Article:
|Title:||A study to compare smolt-to-adult return rates (SARs) of Snake River fall Chinook salmon under alternative transportation and dam operational strategies|
|Author:||Tiffani M. Marsh, William P. Connor|
|Place Published:||Seattle, Washington|
|Publisher:||National Marine Fisheries Service to the USACE and Action Agencies|
|Type of Work:||Proposal of the|
The goal of this study is to provide statistically valid information on the smolt-to-adult return rates of Snake River fall Chinook salmon Oncorhynchus tshawytscha under two alternative management strategies: transportation around dams of the Federal Columbia River Power System and in-river migration under prevailing conditions. Migration conditions are likely to change in future study years as the use of removable spillway weirs at Snake River dams, amounts of summer spill, and other structural or operational changes are made. Although the primary aim of this proposal is to evaluate the effects of different management strategies on naturally produced fish, understanding how the different strategies affect the SARs of production fish released from hatcheries and at various offsite acclimation sites is also important.
To achieve the primary research goal outlined here, we will release two groups of PIT-tagged subyearling fall Chinook salmon in the Snake River upstream from Lower Granite Dam. Prior to release, we will designate one group of fish as the transport group and the other as the in-river group. Upon detection at a Snake River Dam, fish from the transport group will move through flumes to raceways for transport to below Bonneville Dam, while slide gates will direct fish from the in-river group to routes leading to the tailrace of the dam to continue in-river migration.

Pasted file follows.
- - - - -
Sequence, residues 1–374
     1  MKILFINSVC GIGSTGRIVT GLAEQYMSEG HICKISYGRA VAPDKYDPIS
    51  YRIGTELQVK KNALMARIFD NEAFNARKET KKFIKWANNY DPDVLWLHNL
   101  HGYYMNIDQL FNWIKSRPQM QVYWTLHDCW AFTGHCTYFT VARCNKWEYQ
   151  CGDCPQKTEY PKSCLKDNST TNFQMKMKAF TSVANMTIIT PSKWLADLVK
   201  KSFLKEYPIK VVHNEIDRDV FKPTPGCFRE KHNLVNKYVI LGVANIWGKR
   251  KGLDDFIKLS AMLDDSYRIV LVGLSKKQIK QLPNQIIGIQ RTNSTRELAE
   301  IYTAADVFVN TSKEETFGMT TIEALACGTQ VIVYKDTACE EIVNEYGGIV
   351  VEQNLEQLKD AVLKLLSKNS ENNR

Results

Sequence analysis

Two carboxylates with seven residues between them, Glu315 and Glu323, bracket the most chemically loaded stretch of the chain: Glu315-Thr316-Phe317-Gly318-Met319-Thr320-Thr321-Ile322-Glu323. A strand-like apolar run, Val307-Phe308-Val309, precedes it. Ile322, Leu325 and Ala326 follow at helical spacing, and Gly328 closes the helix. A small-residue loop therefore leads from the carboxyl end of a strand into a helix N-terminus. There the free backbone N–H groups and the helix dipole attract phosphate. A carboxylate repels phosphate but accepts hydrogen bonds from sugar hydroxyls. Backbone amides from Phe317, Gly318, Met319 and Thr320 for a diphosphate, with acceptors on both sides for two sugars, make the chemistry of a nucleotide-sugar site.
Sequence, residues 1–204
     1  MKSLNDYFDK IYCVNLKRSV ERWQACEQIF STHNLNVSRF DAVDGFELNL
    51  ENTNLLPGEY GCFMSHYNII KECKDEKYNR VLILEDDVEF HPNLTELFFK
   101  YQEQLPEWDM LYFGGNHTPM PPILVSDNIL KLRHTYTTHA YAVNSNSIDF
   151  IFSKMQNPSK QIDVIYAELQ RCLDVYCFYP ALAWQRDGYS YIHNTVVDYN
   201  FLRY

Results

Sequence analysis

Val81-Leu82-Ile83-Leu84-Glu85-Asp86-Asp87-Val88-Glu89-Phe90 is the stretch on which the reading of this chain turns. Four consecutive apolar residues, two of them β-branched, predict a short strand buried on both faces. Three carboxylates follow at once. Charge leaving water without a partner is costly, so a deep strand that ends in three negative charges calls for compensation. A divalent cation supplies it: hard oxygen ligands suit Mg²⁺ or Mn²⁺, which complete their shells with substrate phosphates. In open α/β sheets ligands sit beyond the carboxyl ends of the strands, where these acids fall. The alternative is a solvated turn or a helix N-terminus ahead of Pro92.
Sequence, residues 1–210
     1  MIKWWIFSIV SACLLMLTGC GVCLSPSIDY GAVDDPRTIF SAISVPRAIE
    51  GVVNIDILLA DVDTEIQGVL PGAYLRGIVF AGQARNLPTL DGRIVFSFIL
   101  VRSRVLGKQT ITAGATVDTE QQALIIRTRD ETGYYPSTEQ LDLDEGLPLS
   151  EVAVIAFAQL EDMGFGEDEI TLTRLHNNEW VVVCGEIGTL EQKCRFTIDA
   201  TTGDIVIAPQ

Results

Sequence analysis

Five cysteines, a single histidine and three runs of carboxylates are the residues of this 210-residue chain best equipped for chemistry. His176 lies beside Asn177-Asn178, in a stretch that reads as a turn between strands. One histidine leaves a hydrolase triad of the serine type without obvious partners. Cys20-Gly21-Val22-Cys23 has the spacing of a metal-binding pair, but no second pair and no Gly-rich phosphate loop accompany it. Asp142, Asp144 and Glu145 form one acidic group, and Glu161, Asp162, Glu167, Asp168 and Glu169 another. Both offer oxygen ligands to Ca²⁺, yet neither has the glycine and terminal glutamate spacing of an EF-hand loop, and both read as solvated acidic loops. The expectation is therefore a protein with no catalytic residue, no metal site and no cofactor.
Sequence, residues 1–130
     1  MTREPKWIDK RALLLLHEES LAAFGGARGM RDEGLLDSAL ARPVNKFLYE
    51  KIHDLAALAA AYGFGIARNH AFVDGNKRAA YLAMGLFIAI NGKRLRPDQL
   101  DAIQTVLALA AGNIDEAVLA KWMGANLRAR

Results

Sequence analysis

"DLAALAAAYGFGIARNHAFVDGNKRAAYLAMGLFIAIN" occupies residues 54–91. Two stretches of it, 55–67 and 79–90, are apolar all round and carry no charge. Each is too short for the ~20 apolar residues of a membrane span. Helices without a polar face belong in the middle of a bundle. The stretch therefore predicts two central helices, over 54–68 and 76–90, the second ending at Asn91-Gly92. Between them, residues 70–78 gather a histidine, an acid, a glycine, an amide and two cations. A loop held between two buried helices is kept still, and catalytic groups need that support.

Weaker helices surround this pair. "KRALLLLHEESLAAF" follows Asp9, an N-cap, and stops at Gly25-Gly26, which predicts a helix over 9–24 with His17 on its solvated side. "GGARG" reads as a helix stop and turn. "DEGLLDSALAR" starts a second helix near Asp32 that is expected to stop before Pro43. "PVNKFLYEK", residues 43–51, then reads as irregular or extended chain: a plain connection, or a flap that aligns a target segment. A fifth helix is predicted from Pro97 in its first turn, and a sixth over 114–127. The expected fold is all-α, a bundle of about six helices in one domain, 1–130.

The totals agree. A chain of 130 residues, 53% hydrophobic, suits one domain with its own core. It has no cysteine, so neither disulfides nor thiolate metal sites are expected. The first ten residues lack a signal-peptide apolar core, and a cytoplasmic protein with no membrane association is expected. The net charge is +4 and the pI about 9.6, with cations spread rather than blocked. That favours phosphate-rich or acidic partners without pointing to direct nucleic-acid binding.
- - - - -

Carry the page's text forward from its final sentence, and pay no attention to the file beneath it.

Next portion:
In 2005, groups will comprise both naturally produced fish and hatchery fish raised to a size at release as close as possible to that of naturally produced subyearling Snake River fall Chinook salmon (surrogates). The majority of study fish will come from hatcheries because we do not have the ability to capture and tag sufficient numbers of naturally produced fish to conduct the studies outlined. In 2006 and future years, the study scope will be expanded to include fall Chinook from Snake River production and acclimation facilities.
|Theme:||Recovery and rebuilding of marine and coastal species|
Develop methods to use physiological, biological and behavioral information to predict population-level processes.